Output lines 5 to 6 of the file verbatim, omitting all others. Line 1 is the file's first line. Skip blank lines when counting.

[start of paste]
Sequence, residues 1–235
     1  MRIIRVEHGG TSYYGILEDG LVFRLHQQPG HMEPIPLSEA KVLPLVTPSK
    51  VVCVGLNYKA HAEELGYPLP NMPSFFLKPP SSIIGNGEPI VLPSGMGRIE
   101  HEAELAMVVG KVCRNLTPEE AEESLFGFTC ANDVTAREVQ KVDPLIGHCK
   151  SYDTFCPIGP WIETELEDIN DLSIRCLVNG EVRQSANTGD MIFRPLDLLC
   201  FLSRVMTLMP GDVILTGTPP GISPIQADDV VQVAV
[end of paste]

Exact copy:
   151  SYDTFCPIGP WIETELEDIN DLSIRCLVNG EVRQSANTGD MIFRPLDLLC
   201  FLSRVMTLMP GDVILTGTPP GISPIQADDV VQVAV